But this Turkey is, as you know, a cynic. I believe that the culture of independence and secrecy is deeply ingrained in most, if not all, universities, and one only has to follow the money to find the skeletons in their closets. Regardless of the strong warning provided by Penn State’s punishment, other institutions and their “entitled” leaders will continue to test the waters. Did SMU’s football “death penalty” at the behest of the NCAA deter Auburn, FSU, Miami, PSU, OSU, USC, etc.? Think about it. Follow the money!
So the Nittany Lions take it on the chin. How will this affect your Saturday afternoons in the fall? Will you still watch Penn State games, even if the team appears to be playing at high school level? Can Bill O’Brien work wonders with the dearth of talent? In fact, will Bill O’Brien even stay at Penn State? If he leaves, who will want to coach the Nittany Lions? Don Jonas?
What are the corrective measures?
Pretty much what you would expect. Clean up your backyard, Penn State, the homeowners’ association is watching closely.
The actions are:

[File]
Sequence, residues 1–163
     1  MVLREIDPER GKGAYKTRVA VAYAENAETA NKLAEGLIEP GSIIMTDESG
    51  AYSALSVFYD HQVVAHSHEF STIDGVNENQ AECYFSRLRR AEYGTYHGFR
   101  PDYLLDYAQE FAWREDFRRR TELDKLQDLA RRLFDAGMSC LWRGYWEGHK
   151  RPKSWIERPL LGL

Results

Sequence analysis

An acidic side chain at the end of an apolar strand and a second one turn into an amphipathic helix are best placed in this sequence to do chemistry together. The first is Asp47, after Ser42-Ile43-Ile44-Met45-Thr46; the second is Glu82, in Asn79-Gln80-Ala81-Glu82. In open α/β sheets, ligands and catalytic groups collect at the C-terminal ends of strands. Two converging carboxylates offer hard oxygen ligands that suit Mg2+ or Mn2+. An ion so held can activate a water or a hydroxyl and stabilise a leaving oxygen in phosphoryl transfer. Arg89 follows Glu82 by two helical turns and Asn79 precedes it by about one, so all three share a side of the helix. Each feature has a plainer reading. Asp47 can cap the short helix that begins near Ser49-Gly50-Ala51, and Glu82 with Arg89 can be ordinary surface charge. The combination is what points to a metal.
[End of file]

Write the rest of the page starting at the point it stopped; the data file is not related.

- Adoption of all recommendations presented in Chapter 10 of the Freeh Report.
- Implementation of Athletics Integrity Agreement. This obligates Penn State to comply with Chapter 10, as mentioned above, plus perform the following specific additional actions within 10 days:
- Create a position for and select a Compliance Officer for Athletics.
- Create a Compliance Council consisting of faculty, administrators, and the Compliance Officer, for oversight.
- Create a reporting mechanism and hotline for whistle blowers.
- Designate a coach to certify annually that the program meets all the requirements of the Compliance Council.
- Ensure that the athletics director annually certifies full compliance to the Compliance Council, the board of trustees, and the NCAA.
- Create or update any code of conduct for the athletics department to codify the values of honesty, integrity, and civility.
- Implement a training course for all student-athletes and university employees associated with the athletics department that addresses issues of ethics, integrity, civility, standards of conduct, and reporting of violations. Each individual must certify in writing that he or she has obtained such training.